There was intense adrenaline in the rush leading up to deadline. Self-induced depressive states as I tried to find some inspiration to churn out those words. Days of blockedness when no creative spirit would seep through. Back and forth with the Editor and Marketing team for the last bits and pieces, and I am sure they must be sick and tired of me now — and to this end, so touched by their sincerity and generosity in working together to make this book go from idea to reality. …

new FREE ebook featuring stories from 8 men baring their souls and stories on burnout, depression, mental health — and what to do about it

What makes an author, an author? What makes a writer, a writer?

I mentioned the free ebook on how to help those with depression that I had written a few years ago to a friend the other day. She exclaimed, “Oh! You are an author!”

I felt small in my chair and cringed. Gingerly, I answered, “Errr… I guess so… actually not really… it’s just a few pages put together in a PDF…”

And then my voice trailed off.

I had not thought of myself as an author with a simple ebook. I don’t know if I will even call myself a writer. Insecurities and all that aside, I don’t know what makes an author or writer one. What is the benchmark? I see many people calling themselves “Best Selling Author”, where the “best-selling book” is but a compilation of blog posts. Does that make a book? I suppose so. …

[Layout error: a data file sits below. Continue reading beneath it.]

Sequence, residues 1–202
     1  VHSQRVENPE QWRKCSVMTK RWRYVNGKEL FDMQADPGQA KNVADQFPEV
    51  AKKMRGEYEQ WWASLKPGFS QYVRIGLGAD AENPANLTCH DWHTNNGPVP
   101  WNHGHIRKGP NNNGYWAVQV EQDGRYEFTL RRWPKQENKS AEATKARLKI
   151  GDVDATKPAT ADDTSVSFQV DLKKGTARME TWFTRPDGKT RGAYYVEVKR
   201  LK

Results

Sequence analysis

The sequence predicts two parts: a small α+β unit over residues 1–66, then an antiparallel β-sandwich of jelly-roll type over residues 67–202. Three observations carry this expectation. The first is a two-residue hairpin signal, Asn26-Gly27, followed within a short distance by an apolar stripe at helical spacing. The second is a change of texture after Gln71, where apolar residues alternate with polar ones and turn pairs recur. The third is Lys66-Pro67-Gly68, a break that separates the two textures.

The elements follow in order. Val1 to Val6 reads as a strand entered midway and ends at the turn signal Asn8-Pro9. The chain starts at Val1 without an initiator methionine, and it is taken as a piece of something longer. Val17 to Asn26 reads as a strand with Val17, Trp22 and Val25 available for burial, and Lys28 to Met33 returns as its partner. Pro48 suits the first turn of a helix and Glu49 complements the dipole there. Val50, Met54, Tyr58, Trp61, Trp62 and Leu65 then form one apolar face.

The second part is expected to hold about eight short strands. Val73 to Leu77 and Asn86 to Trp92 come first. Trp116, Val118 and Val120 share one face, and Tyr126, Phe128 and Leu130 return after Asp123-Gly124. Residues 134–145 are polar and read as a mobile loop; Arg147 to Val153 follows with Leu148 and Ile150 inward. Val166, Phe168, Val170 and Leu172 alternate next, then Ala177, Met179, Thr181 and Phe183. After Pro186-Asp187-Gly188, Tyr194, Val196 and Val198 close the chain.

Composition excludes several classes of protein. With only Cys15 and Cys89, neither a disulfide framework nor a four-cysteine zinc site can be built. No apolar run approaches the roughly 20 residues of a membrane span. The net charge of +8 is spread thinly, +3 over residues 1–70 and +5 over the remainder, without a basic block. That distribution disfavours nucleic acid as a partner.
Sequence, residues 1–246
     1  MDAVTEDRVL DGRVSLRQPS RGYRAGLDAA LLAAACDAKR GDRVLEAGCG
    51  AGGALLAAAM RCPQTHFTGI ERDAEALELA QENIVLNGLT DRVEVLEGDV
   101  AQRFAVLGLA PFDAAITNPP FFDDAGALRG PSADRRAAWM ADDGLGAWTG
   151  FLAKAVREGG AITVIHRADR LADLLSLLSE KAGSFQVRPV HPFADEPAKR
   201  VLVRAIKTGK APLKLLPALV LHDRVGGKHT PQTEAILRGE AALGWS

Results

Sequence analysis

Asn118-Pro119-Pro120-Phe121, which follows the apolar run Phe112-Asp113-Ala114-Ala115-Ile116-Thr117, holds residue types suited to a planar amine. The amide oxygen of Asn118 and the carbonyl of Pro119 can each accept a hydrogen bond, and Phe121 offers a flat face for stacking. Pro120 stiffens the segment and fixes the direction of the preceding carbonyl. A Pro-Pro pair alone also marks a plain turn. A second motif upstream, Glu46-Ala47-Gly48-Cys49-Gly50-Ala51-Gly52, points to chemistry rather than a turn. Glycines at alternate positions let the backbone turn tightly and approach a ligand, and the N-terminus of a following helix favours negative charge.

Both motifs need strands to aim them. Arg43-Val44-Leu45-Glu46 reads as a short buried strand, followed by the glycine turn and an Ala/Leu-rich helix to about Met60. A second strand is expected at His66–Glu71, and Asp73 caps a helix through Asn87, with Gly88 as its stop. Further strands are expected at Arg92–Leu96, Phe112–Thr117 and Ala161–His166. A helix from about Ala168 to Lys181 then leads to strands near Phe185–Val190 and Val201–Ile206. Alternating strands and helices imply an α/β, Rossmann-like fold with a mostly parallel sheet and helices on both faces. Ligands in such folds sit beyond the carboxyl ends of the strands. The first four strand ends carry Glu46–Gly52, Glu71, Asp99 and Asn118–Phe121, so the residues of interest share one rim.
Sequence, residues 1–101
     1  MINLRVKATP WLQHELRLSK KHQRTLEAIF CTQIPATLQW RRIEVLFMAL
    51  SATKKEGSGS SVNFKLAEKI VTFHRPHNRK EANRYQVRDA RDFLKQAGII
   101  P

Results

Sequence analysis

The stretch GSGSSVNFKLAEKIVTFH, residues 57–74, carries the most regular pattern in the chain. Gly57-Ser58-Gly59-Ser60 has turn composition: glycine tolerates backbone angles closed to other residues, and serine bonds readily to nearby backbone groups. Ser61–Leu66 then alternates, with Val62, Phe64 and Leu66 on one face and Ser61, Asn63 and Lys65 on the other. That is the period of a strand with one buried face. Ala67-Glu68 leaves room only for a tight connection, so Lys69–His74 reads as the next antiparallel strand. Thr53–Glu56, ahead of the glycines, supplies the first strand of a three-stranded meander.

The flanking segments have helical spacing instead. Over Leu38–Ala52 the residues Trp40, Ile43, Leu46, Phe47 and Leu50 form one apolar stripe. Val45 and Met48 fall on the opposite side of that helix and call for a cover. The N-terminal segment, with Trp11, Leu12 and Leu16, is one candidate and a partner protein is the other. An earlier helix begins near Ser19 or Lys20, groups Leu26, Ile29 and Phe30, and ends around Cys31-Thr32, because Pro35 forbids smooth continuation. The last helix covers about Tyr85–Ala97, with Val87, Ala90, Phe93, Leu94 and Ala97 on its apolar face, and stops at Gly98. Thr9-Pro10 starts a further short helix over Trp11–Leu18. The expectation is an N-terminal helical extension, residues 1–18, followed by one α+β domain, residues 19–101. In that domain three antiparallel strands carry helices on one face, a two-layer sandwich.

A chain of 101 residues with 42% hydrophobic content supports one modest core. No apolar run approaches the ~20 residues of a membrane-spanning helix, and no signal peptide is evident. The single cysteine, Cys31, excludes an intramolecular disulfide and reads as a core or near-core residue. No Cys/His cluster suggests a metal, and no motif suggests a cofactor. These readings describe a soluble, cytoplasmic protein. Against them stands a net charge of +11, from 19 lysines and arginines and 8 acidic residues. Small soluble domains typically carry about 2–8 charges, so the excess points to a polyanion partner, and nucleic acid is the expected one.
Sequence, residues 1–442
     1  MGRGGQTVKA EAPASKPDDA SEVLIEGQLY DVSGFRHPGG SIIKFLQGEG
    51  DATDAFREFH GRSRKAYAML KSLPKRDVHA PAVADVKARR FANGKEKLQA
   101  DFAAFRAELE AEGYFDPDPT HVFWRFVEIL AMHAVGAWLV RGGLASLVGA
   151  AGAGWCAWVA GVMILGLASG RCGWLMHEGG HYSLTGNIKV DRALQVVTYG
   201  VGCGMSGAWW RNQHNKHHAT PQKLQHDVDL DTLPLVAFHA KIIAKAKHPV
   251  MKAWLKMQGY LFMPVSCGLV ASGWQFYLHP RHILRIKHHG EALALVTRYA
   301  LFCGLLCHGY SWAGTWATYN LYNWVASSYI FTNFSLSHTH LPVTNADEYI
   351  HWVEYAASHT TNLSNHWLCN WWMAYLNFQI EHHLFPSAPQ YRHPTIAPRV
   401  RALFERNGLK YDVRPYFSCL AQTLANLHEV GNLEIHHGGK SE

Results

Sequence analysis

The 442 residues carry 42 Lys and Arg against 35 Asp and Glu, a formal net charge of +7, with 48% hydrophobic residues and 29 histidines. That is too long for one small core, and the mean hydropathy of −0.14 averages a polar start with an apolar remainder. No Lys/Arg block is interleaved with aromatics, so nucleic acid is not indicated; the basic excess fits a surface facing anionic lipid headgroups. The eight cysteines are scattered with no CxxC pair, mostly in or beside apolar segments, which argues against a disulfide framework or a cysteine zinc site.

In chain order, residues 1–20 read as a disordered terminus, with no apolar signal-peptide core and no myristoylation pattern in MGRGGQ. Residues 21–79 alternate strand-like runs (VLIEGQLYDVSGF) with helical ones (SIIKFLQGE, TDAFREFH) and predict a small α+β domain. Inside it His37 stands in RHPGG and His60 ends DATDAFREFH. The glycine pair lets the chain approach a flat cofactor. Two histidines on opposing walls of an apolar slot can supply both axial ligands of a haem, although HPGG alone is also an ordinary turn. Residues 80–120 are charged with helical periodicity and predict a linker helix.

Start up culture not sustainable

Ouyang has been a good friend of mine for almost 10 years now, and I have always admired his cheery disposition and strong mind. The last few years, he decided to partner up to set up his own tech company, which has done extremely well in a short space of time. I thought all entrepreneurs are stressed out (I certainly am!) but every time I see him, he is so bubbly and full of energy. …

I have been trying to write an article on the investment market, on how investors might care — or not — about the entrepreneurs they invest in, not so much on their competence, but more on their mental health. Being an entrepreneur is stressful to say the least, and I have seen many of them breakdown when working with them on their internal management. However, speaking to a lot of investors, the general answer I got was “We do not really care” or “We have not thought about it… it is up to them.” …


Enoch Li

Social entrepreur & Managing Director of Bearapy, on workplace mental health and playfulness. Finds wisdom in Dr Seuss.